Early diagnosis and treatment can significantly improve your quality of life.
Non-radiographic axial spondyloarthritis (nr-axSpA), is a type of inflammatory arthritis that primarily affects the spine. It falls under the umbrella of spondyloarthritis, a category of arthritis diseases that affect the spine.
Chronic back pain is the hallmark symptom of nr-axSpA, but it’s a bit different than other types of back pain. The onset of pain is often gradual and occurs in people under 45 years of age, and the occurrence of the pain is often worse in the morning and better after exercise. People with nr-axSpA may experience pain and inflammation in other parts of their body as well. Learn more about the symptoms of nr-axSpA.
Tests That Diagnose nr-axSpA
The diagnostic process for nr-axSpA doesn’t stop at X-rays and symptom checks. To diagnose nr-axSpA, doctors will often look at a variety of other factors and conduct more tests, such as:
- Medical history
- Physical exam
- Blood tests: There’s no one blood test that can diagnose nr-axSpA, but doctors may do a test to look for a certain gene called the HLA-B27 gene, which is found in many people with spondyloarthritis.
- Imaging tests: This includes X-rays and MRIs (magnetic resonance imaging). The “nr” in nr-axSpA stands for “non-radiographic,” which means there’s no damage visible on X-rays.
For some people, it may take months or years for a doctor to be confident in a diagnosis of nr-axSpA. Once nr-axSpA is diagnosed, the goals of treatment are to relieve symptoms, maintain function, and prevent complications. Treatment can also help minimize the risk other conditions that are associated with nr-axSpA, such as psoriasis or inflammatory bowel disease (IBD).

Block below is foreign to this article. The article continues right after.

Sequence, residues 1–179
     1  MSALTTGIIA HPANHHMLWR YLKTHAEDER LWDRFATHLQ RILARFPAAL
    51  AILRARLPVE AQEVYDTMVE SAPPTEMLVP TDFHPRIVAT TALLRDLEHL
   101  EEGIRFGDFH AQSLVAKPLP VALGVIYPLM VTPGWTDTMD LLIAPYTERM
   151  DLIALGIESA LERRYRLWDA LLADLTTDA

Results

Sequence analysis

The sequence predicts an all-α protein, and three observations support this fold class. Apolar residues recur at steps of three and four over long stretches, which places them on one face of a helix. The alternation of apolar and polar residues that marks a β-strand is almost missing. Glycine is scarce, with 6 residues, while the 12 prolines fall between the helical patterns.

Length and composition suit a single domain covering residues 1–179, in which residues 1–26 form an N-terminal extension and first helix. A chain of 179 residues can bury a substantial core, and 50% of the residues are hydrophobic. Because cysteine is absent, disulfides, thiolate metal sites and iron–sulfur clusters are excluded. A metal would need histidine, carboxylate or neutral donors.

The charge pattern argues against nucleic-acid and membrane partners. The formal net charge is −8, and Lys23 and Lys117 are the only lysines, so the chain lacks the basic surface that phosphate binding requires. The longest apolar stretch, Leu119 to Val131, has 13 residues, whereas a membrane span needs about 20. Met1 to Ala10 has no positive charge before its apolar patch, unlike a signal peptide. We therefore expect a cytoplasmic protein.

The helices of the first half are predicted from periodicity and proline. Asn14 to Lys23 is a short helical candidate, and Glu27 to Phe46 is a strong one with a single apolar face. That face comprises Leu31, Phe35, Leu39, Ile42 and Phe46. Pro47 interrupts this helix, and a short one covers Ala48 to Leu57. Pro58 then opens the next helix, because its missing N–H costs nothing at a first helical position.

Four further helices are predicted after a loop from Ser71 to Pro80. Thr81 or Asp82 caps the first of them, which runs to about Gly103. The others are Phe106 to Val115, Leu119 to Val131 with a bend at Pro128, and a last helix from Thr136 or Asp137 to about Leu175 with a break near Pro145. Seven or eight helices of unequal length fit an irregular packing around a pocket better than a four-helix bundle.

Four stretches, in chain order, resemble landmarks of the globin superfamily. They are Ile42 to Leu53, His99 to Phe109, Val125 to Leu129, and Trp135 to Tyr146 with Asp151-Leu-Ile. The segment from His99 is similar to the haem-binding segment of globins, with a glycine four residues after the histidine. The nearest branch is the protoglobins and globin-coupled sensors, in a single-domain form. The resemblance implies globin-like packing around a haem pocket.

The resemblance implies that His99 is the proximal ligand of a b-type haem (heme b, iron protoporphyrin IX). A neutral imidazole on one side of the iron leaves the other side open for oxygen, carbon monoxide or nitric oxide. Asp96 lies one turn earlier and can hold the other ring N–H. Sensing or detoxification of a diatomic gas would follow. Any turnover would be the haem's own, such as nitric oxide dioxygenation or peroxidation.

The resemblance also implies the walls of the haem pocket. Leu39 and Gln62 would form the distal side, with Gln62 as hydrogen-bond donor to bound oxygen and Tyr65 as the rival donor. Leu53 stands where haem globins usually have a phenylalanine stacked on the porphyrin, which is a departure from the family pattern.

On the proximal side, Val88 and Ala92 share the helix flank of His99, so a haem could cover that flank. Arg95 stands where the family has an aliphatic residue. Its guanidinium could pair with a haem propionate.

The first line of treatment is often non-steroidal anti-inflammatory drugs (NSAIDs) and physical therapy. If that doesn’t work, other medicines, such as disease-modifying antirheumatic drugs (DMARDs) or biologics, may be prescribed. Learn more about how nr-axSpA is treated here.
Maggie Cadet, MD, is a board-certified rheumatologist in New York. She specializes in autoimmune diseases, arthritis, and health conditions that disproportionately affect women and minorities.
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Many patients who have longstanding back pain
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may be sent to a rheumatologist to get a workup
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for inflammatory back pain because
there are other symptoms
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that can accompany the back pain.
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These patients may also have radiographic studies
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that do not show any extra X-ray changes.
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When an individual is diagnosed with
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many specialists may be involved
in the diagnostic workup.
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They may first go see their internist
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when they're having back pain initially.
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If the back pain does not improve with physical therapy,
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rest, or medications,
then a rheumatologist
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may get involved to do more diagnostic workup
and gene testing.
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For the diagnosis of non-radiographic
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a clinical history is key.
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Next, a physical exam will be performed to look for
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the spine mobility and any other types of joint inflammation